KPBS general manager Doug Myrland is nothing if not diplomatic. His words are precise and chosen carefully; he doesn't seem prone to hyperbole. The affable local public television and radio administrator told CityBeat this week that he often has to ask critics of KPBS to give the station the benefit of the doubt, so it's only neighborly for him to extend the same courtesy to Kenneth Tomlinson.
Tomlinson is the President Bush-appointed chairman of the board of the Corporation for Public Broadcasting (CPB) who thinks the Public Broadcasting Service leans too far to the left and National Public Radio is too biased against Israel, despite public-opinion polls that tell a different story.
“I'm inclined to give him the benefit of the doubt to this point,” Myrland said. “I think his beliefs are sincere. I think he probably sincerely believes that there are ways that public broadcasting could improve its journalism and its balance.” But Myrland says Tomlinson could be going about his business in a “more graceful way.”
Myrland pointed out that Tomlinson had an opportunity to trumpet polling data that shows people generally think public broadcasting is unbiased and trustworthy-more so than the mainstream commercial broadcast media-but he didn't seize it. “I think the most disappointing thing to me as a public broadcaster was to find out that CPB commissioned that research and then hid it away. I think that's very tacky and kind of worrisome, especially since it was so favorable to public broadcasting.”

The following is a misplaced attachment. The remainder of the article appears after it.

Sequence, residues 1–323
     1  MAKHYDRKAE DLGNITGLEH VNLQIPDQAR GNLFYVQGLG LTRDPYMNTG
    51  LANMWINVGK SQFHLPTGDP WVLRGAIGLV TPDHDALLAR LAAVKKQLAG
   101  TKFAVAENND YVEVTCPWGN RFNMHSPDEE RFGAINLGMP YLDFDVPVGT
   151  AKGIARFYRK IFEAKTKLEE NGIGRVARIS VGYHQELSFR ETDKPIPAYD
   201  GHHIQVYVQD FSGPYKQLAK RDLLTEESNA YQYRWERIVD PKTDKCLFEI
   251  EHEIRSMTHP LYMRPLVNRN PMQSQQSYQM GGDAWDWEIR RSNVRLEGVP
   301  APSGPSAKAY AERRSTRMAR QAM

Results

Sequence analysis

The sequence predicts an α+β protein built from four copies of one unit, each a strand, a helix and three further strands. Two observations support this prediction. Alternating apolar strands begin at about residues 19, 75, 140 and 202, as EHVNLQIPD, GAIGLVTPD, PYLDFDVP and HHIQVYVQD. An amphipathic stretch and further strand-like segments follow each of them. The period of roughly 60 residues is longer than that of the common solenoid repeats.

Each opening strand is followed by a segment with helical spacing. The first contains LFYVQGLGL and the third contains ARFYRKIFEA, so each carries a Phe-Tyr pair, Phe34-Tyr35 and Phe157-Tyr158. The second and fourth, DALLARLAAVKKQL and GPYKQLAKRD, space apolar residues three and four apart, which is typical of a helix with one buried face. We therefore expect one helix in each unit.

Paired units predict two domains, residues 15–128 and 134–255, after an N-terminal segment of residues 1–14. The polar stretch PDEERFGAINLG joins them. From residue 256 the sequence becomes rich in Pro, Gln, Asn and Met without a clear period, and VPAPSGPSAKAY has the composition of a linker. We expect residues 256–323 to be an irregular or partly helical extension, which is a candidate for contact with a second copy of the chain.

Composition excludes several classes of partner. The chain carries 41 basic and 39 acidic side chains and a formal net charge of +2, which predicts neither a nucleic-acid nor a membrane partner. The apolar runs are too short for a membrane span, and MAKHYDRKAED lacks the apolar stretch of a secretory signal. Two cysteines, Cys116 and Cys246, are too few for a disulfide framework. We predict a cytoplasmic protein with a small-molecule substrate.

Myrland supports Bill Moyers' assertion that the Moyers'-created NOW program is more balanced than the Tomlinson-backed Journal Editorial Report, the show featuring the editors of the conservative Wall Street Journal (which does not air on KPBS).
Nevertheless, Myrland stops short of doing what “plenty of people” have done: call Tomlinson's crusade a high-level Republican conspiracy against the independence of public broadcasting. “I'm not qualified to make a direct link to the Bush administration.”
What Myrland worries about amid the hubbub is that some moderate Republicans who otherwise wouldn't give public broadcasting's slant a moment's consideration might listen to their leaders talk about a liberal bias-as they've long been doing when the conversation's about the mainstream media-and start to question, even subconsciously, the motives of producers. He doesn't want PBS and NPR politicized.
“I'd rather have my viewers and listeners make up their own minds, rather than read what someone like Ken Tomlinson-or Bill Moyers, for that matter-says and say, ‘Well, maybe they're right.'”
That sort of development could erode the credibility and the trust people have in the programming. “That's all we really have... and anything that chips away at that is worrisome.”
A man can dream, can't he?
“My fondest wish,” Myrland said, “would be that all the CPB board members would wake up tomorrow morning and say, ‘You know, I have a higher responsibility rather than just to the political trends of the day. My higher responsibility is to the long-term health of public broadcasting, and my primary job as a board member is to secure as much federal funding for their good efforts as possible.... It's not up to me to pass judgment on individual creative or journalistic efforts....' They'd wake up being really high-minded and really dedicated.”